Plus because of the moon's graviational lopsidedness most things don't really like to stay in orbit for long as they keep getting dragged into lower and lower orbits.
All that for 27s of data....No evidence yet of concrete causing damage to engines or heat shields, but not ruling it out. First 3 engines were turned off on ignition, 30 is minimum for lift-off.
Lost comms at +27s due to "energy event", booster kept going, lost TVC at +85s,
What in the world would they consider "severe"?Pad damage not severe, relatively short repair time [they've oficially told NASA as much].
Two of the engine bells appear to have been missing. They had better be hoping it was concrete impact damage, otherwise something shook apart that shouldn't have.No evidence yet of concrete causing damage to engines or heat shields, but not ruling it out. First 3 engines were turned off on ignition, 30 is minimum for lift-off.
Again, if they lost their TVC hydraulics from anything other than concrete impact damage, the rocket, as designed, is tearing itself apart. They really need to verify what is going on. There are several videos showing damage to fairings that are outside of the skirt - if that isn't impact damage than something really weird is going on.Lost comms at +27s due to "energy event", booster kept going, lost TVC at +85s, ship wasn't at a safe point for separation [my interpretation is stage separation was not attempted then, and the cartwheeling was just the TVC loss].
No kidding. I think the only reason the vehicle broke apart was aerodynamic loads when it fell back into denser air. Whoever was charged with pressing the FTS button must have been mashing it repeatedly for all they were worth.FTS triggered 40 seconds before explosion, took too long to rupture tanks, needs requalification, expects that to be one of the big items for the next launch.
I wonder why they have the farm located where it is relative to the pad and tower. It would seem that putting the tank farm on the opposite side of the tower from the pad would protect it pretty well. Even on a nominal launch those tanks are getting a lot of sound and vibration.Vertical tank farm to be replaced with vacuum sealed tanks [presumably not made in-house and matching the current CH4 tanks].
I think it triggered when needed, but it just was ineffective at ripping the tanks open, and instead just opened a (small) hole. They probably need linear changes along the tanks to really slice them open.No kidding. I think the only reason the vehicle broke apart was aerodynamic loads when it fell back into denser air. Whoever was charged with pressing the FTS button must have been mashing it repeatedly for all they were worth.
Unless he elaborated further in the source, who knows (note: actual phrasing might have been "quite small"). But considering the context, I'd guess whatever involves having to replace the ring or redo foundations/structure. From all that's been said, and all the work going on seemingly comfortably on and around the mount, it looks like they dodged a massive bullet and there's no structural damage. I still think his/their timelines of two months can probably be safely ignored though, the whole new tank farm thing feels like it's being underestimated, on top of the rest.What in the world would they consider "severe"?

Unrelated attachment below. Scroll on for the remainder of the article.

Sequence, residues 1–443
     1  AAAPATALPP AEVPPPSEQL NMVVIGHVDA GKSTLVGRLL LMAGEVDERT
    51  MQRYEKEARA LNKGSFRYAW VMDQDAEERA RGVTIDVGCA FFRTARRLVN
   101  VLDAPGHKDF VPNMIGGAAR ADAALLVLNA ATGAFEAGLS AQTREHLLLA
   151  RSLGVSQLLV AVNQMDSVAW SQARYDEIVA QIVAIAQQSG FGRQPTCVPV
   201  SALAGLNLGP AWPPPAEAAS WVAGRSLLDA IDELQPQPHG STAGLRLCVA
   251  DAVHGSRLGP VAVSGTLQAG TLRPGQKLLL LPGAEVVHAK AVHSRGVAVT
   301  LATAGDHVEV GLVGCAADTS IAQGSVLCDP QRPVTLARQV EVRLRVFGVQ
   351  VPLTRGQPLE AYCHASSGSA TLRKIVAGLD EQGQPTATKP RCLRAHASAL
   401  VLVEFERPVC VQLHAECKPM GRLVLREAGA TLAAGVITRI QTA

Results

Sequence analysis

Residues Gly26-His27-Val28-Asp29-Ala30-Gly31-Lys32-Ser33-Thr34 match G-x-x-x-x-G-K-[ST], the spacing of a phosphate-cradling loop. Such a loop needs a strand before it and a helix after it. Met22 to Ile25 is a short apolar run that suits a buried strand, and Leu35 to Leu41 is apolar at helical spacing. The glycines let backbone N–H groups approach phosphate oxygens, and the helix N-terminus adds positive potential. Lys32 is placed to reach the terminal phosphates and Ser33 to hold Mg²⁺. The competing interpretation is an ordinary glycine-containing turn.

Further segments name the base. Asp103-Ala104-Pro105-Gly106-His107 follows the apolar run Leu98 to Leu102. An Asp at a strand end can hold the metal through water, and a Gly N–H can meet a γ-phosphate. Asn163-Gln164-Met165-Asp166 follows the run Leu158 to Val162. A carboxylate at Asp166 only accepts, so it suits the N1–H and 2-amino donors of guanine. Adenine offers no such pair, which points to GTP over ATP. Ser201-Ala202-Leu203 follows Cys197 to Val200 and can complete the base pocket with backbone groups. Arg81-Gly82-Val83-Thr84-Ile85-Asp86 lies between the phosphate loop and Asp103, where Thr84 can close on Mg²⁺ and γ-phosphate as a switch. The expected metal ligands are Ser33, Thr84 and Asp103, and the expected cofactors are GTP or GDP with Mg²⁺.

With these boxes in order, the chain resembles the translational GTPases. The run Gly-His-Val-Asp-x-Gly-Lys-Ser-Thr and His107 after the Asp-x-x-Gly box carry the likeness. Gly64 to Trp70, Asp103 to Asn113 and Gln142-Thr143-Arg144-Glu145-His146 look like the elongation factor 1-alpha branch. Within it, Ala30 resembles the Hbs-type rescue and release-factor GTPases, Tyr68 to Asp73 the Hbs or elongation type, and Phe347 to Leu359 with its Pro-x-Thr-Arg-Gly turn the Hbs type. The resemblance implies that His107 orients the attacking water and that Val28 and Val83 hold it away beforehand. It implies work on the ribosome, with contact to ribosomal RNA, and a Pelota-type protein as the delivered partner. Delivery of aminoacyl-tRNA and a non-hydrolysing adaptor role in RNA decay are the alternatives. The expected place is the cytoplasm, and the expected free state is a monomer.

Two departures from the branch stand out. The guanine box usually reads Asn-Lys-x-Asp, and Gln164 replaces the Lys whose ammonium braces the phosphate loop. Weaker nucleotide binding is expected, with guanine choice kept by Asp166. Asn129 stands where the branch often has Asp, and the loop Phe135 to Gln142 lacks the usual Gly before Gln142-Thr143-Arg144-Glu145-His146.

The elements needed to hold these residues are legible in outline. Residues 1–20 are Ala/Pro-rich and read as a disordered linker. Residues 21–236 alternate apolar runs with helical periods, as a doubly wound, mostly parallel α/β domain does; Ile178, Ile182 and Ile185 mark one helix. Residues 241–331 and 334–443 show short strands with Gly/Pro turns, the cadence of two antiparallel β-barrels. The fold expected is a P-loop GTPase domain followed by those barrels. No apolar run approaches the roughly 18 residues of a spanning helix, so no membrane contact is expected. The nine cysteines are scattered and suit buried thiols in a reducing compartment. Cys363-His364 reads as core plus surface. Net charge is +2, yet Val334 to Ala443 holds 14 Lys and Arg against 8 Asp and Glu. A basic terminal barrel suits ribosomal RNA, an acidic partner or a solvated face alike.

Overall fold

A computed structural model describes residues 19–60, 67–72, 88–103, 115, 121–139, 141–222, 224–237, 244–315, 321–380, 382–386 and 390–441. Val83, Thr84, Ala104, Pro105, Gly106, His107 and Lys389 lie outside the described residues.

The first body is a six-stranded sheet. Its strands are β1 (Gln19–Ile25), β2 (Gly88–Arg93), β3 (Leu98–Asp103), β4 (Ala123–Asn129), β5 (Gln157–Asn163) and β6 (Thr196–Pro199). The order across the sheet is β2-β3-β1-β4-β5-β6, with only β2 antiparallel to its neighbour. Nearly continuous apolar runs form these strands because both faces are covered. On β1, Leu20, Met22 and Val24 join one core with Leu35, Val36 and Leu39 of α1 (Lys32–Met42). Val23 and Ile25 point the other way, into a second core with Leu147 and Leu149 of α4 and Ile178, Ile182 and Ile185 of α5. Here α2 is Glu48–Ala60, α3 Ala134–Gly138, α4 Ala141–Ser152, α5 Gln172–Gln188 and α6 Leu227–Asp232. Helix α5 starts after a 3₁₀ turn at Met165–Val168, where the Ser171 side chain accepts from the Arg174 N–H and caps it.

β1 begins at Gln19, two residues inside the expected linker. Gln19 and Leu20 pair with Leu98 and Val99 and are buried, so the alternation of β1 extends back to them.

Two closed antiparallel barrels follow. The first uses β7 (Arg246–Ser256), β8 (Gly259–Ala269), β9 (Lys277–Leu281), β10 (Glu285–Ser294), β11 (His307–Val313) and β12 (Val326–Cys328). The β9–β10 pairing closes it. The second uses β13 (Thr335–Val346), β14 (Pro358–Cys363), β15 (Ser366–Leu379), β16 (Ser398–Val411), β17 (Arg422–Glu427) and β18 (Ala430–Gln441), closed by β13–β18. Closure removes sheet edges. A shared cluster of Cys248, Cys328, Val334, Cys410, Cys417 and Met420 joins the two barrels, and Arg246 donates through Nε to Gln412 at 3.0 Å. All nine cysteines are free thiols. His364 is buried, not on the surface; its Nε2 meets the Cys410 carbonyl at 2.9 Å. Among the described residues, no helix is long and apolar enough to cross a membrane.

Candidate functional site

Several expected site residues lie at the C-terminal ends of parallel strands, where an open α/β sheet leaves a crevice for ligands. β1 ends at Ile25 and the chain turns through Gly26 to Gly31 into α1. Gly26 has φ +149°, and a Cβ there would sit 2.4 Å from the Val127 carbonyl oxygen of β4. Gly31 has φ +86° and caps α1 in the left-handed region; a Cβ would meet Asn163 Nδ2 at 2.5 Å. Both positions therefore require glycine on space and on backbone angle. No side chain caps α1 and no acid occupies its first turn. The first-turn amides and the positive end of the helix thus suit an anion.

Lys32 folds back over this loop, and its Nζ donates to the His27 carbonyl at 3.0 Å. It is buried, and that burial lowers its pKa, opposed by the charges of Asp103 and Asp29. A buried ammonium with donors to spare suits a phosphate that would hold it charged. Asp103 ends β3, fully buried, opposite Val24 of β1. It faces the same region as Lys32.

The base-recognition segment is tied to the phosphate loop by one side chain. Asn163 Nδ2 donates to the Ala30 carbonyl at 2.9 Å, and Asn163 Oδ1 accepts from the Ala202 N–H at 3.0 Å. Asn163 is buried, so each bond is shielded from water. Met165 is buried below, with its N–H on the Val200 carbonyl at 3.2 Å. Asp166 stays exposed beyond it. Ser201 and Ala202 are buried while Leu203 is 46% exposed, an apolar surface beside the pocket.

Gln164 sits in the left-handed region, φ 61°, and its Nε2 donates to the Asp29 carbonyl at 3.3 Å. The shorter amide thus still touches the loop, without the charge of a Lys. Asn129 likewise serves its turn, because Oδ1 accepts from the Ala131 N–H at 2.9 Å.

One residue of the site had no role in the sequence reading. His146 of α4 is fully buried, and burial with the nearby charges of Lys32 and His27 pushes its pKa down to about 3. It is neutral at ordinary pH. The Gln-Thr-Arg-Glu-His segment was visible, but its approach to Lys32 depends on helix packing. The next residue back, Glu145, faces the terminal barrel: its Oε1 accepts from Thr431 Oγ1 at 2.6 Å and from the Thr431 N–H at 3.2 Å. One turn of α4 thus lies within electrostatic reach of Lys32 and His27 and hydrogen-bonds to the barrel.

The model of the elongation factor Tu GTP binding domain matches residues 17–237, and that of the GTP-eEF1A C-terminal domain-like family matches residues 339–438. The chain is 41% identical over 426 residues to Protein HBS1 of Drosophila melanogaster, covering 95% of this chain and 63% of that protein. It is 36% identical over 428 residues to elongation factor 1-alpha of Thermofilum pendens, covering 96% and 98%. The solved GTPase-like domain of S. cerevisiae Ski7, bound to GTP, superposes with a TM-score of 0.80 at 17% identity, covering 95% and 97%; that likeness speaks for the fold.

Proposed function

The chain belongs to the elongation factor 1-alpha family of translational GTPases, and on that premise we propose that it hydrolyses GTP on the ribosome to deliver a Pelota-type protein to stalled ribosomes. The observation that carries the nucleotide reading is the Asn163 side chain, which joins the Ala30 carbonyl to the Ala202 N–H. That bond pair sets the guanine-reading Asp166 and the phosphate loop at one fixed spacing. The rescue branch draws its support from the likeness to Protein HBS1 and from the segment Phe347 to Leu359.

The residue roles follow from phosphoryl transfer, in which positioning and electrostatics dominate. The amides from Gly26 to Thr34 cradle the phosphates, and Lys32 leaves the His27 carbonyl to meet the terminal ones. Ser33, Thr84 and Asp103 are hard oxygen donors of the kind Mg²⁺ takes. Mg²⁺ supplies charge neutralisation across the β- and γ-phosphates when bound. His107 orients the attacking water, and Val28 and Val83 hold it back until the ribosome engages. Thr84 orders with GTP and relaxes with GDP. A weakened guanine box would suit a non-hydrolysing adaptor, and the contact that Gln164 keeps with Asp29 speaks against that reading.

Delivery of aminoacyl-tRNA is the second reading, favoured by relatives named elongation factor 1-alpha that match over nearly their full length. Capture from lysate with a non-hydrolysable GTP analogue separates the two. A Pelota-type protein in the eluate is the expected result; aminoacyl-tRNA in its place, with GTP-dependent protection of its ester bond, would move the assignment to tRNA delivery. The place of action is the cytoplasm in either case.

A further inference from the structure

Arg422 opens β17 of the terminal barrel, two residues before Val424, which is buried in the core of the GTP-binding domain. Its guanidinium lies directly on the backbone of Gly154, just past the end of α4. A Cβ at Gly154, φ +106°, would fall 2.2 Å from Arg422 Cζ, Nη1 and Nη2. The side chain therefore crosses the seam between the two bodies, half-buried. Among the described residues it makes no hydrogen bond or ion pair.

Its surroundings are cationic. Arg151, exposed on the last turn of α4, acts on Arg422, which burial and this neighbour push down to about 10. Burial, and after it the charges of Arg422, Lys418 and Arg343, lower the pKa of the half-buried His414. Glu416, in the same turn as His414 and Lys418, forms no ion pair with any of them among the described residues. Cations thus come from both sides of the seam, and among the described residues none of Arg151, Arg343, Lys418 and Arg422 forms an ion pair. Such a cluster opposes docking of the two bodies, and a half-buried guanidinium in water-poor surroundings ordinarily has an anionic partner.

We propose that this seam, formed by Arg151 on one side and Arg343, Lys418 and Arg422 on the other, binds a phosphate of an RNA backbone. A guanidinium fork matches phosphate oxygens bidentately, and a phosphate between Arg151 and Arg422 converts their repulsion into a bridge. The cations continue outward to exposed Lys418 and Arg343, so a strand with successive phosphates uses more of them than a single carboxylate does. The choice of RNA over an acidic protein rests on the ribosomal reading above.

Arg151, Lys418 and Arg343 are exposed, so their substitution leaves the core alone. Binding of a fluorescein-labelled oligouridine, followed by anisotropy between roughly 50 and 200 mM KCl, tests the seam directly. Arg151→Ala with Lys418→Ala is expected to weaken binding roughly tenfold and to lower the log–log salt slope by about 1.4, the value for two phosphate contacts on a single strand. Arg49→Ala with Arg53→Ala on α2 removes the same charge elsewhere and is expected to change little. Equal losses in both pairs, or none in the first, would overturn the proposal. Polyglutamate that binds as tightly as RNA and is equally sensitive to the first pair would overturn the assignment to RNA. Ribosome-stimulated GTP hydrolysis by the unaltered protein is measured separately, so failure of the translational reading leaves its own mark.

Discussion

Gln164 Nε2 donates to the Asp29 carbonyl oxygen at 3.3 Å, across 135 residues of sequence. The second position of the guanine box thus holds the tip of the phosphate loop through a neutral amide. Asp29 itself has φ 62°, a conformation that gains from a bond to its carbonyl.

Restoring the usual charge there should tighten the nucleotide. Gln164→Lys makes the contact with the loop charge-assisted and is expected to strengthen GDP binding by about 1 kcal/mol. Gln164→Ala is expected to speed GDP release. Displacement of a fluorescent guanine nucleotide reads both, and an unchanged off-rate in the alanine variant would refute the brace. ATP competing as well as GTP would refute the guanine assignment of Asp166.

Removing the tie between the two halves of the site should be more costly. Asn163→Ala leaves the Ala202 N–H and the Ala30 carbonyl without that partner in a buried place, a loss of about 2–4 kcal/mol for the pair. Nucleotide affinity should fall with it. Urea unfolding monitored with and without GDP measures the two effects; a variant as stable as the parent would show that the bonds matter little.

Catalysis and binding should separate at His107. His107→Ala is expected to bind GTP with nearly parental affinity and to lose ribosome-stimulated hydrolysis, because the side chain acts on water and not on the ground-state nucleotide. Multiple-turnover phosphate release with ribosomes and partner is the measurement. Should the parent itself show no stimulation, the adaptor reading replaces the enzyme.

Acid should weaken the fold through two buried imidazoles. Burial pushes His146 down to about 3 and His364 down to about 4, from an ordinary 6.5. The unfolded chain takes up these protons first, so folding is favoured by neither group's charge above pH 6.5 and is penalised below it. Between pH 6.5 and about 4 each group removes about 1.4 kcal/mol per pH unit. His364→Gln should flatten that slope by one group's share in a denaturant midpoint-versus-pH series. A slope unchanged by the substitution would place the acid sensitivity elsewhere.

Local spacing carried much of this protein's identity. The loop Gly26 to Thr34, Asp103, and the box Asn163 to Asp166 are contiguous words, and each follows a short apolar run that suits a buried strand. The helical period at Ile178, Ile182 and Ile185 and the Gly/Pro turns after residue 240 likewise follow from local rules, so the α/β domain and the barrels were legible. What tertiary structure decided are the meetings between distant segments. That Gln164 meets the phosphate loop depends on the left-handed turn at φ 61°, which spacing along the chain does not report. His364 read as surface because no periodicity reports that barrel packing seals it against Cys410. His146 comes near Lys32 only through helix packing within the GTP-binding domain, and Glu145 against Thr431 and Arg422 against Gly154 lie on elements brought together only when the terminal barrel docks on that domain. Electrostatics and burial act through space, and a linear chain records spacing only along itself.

Think you're on the money here. Full quote:I think it triggered when needed, but it just was ineffective at ripping the tanks open, and instead just opened a (small) hole. They probably need linear changes along the tanks to really slice them open.
I can imagine the FAA will be on their ass for that as part of the investigation."from a rocket standpoint and pad standpoint, we are probably ready to launch in 6 to 8 weeks, the longest lead item on that is probably requalification of the flight termination system because we did initiate the flight termination system but it was not enough to , it took way too long to rupture the tanks. We need more detonation cord to unzip the tanks at altitude and ensure that they... basically that the rocket explodes immediately if... flight termination is necessary. so requalification of the...I'm just guessing here... requalification of the much longer detonation cord to unzip the rocket, and that situation is probably the long lead item."
If shockwaves are a problem, then the solution is water.So, no flame trench, but the 'steel plate' thing goes ahead. If the damage to the engines was also caused by sound/shockwaves, it could still mean trouble, if it ends up reflecting them. Would surely be awkward to have Elon admit the need for a flame trench after yet another failure.
Yeah, just a plate. The problem with the rocket exhaust on the bare concrete is that the heat will cause spalling, and the stagnation pressure of the exhaust is really high. If a crack forms anywhere, the gas pressure can push through it, lift the slab, and you get what happened last week. A plate, cooled sufficiently so it won't actually melt, will prevent the high pressure gas at the stagnation point of the exhaust from exploiting cracks in the concrete. It's still a big plate, and probably needs to be water cooled so it doesn't melt, but it doesn't need to be any more exotic than that. Once the gas is moving parallel to the surface in the radial direction, it will quickly slow and cool sufficiently that the shear and thermal loads on the bare concrete should be tolerable.Oh, so when they say "plate" they mean just a flat plate on the ground??